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Getting Buff in India

Getting Buff in India
By Fred Hoffman, M.ED.

Just having returned from an eight-day whirlwind tour in India to conduct Reebok Core Training workshops, I was amazed to see the huge growth spurt and changes that have taken place in the Indian fitness industry since my last trip in 1999.

For a long time, health and fitness clubs in India were available to a mostly well-to-do, affluent clientele. In recent years, numerous clubs and gyms have opened in cosmopolitan cities such as New Delhi and Mumbai, bustling metropolises such as Bangalore and Chennai, and are gaining a presence in places such as Kolkata and Hyderabad. No longer just for the rich, working out has become affordable for not only the upper-middle class, but the middle and lower-middle classes as well.

Who is Working out, and Where?
The clientele in the clubs is varied; a mix of executives, CEOs, models, well known cricketers, housewives and students. The clubs also attract young emerging athletes.

In most cities, modern, educated woman are now working out for the health benefits, but clubs are also attracting young girls who aspire to be thin and are influenced by Fashion magazines and Hollywood movies.

Gold’s gym has opened several clubs in both New Delhi and Mumbai (Bombay) as well as one in Chennai (Madras), and there are plans to expand and open many more in several other cities over the next few years. The Gold’s facility in Chennai is 7,000 square feet and boasts 900 members. The owner says that originally gyms were seen as a “meeting place” or just a fad, but now, more people are taking health and fitness seriously. In the last year, seven to eight different health clubs have opened in Chennai.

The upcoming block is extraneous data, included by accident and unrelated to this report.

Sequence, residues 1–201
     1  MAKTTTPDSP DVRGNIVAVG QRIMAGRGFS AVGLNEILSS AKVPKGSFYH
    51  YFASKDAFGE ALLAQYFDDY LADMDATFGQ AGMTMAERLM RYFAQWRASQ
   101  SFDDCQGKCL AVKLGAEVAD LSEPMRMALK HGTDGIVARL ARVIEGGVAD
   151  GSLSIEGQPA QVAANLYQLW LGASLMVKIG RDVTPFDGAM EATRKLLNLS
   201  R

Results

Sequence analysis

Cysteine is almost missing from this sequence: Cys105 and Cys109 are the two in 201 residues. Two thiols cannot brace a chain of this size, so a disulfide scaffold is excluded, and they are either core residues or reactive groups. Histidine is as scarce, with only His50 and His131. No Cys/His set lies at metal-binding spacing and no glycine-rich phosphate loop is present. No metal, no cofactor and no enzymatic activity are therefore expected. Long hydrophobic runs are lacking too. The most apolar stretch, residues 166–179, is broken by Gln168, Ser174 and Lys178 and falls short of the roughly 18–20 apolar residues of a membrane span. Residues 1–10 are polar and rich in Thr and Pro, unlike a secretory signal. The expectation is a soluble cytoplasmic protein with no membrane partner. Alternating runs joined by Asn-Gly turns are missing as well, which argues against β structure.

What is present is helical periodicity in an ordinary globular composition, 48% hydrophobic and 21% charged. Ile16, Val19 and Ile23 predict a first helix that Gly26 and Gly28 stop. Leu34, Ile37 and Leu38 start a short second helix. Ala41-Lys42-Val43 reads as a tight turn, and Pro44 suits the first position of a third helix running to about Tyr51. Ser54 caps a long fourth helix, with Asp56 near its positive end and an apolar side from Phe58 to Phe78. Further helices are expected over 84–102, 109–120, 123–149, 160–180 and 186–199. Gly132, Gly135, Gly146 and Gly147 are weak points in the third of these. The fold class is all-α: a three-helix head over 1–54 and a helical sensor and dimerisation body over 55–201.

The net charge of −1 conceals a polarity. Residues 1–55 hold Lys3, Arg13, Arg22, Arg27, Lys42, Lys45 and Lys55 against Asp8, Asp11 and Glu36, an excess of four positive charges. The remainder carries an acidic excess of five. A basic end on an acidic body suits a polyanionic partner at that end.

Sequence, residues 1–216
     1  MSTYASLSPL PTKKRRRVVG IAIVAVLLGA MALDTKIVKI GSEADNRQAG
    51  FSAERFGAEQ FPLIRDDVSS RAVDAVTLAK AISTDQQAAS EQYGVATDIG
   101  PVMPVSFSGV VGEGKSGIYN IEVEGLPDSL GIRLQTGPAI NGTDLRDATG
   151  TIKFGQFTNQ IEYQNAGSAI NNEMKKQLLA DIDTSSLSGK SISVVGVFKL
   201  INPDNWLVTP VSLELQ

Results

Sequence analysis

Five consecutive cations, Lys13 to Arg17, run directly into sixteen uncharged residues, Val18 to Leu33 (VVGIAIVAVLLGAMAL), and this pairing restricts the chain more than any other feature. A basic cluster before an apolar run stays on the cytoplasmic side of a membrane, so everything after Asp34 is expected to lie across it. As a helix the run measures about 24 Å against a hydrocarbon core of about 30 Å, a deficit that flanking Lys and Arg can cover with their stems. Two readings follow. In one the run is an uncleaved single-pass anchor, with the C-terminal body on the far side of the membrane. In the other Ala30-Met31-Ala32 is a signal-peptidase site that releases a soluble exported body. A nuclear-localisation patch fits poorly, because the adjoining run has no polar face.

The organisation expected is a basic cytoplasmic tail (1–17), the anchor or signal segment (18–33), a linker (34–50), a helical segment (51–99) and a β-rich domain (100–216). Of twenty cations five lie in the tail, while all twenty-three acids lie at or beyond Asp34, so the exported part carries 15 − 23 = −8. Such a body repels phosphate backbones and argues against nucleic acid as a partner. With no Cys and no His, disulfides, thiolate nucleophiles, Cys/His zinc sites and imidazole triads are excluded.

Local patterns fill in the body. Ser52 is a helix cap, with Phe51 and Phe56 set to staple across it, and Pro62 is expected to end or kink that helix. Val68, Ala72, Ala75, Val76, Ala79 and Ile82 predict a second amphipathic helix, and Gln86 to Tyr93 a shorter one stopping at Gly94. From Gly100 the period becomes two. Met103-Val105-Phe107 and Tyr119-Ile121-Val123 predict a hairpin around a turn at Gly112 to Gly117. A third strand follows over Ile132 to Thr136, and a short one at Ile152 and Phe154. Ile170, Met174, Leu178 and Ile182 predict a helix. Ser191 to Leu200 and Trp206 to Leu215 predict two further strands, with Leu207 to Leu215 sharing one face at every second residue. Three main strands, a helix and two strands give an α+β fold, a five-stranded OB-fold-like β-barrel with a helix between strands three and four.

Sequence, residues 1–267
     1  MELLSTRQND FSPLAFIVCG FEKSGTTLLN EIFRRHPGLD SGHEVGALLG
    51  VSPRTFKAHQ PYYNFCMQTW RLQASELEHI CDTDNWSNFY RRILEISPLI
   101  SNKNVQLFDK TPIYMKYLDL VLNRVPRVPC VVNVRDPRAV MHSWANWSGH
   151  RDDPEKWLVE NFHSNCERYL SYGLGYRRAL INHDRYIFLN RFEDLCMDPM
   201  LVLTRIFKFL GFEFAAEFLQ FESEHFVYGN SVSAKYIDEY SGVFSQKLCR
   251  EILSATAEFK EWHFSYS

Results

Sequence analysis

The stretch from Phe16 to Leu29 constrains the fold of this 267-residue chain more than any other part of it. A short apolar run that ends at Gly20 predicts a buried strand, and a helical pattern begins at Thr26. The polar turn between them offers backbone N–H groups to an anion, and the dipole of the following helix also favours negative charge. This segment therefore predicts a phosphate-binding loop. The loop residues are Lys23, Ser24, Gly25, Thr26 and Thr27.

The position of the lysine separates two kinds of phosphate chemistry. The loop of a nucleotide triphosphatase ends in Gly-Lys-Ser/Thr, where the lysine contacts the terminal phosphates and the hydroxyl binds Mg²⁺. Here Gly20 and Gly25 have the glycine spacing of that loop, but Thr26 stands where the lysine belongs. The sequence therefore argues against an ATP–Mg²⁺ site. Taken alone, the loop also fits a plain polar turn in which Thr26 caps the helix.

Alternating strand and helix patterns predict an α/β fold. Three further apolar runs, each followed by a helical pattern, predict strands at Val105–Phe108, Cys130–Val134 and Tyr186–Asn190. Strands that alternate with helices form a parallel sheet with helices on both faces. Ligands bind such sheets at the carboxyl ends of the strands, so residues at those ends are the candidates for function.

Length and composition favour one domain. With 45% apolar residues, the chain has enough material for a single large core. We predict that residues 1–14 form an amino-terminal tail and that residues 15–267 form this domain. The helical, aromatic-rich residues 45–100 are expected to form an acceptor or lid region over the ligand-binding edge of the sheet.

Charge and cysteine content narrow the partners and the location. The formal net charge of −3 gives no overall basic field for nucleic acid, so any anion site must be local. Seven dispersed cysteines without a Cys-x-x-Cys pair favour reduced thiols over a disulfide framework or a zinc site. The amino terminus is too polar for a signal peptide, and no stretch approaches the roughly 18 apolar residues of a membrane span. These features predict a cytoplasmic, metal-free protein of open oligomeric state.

One of my workshops was held at Fitness One, a 12,000 square foot health club. Five months after its opening, there are 500 members. It is a full-service club that offers everything from yoga to karate to aerobics classes. There is also a women-only workout area, and child care is provided.

As well, most three-star, four-star and five-star hotels have gyms which cater to both hotel guests and the locals, and many of the upscale hotels additionally have spas which offer massage, beauty treatments, lifestyle consultation, nutritional advice and meditation.

What Activities are Popular?
Group fitness activities include step aerobics, aqua aerobics, strength and conditioning classes, and stability ball training. Indoor cycling classes have begun as well as core training and Pilates. As expected, yoga is very popular, as many Indians have practiced this form of exercise for most of their lives.

The group exercise classes are attended mostly by women, but it is not uncommon to see them in the weight room working out next to their male counterparts!

Bhangra, an Indian rural dance form has also seen an emergence in health clubs and fitness studios. Using traditional Indian music, instructors have choreographed aerobic routines which follow the folk dance patterns, but also provide a cardiovascular workout.